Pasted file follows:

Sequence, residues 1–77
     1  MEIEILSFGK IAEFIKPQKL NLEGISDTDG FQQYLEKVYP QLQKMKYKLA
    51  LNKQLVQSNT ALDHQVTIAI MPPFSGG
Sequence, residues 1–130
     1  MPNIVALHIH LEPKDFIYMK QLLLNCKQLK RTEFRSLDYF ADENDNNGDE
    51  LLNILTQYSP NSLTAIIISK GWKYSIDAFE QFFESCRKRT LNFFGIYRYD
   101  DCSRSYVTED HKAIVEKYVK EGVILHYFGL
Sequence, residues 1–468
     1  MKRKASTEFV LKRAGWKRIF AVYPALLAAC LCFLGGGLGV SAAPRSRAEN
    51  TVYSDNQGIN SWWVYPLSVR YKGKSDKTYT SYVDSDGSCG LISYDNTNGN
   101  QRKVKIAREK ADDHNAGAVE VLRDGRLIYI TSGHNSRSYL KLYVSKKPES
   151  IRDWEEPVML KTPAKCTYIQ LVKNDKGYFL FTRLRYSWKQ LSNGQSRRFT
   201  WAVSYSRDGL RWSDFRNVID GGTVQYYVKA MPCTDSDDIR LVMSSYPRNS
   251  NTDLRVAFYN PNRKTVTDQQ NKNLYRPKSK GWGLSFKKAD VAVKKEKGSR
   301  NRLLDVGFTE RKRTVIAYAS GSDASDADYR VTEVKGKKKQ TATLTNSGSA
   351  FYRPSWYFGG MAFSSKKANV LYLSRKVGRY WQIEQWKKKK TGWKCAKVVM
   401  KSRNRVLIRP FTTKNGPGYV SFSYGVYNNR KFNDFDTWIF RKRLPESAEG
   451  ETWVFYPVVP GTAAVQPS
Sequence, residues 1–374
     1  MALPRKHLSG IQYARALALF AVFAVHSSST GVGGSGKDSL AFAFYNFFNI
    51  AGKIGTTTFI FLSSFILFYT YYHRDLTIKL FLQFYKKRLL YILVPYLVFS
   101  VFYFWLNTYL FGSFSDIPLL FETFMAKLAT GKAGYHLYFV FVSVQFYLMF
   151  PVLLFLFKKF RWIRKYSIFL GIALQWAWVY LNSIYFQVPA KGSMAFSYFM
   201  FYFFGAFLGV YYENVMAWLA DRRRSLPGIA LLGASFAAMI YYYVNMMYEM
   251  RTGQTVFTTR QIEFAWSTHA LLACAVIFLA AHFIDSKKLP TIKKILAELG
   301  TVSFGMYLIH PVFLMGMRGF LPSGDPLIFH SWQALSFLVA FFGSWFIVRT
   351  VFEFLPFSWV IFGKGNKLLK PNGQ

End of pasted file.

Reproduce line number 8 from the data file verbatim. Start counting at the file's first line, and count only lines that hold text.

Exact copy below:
Sequence, residues 1–468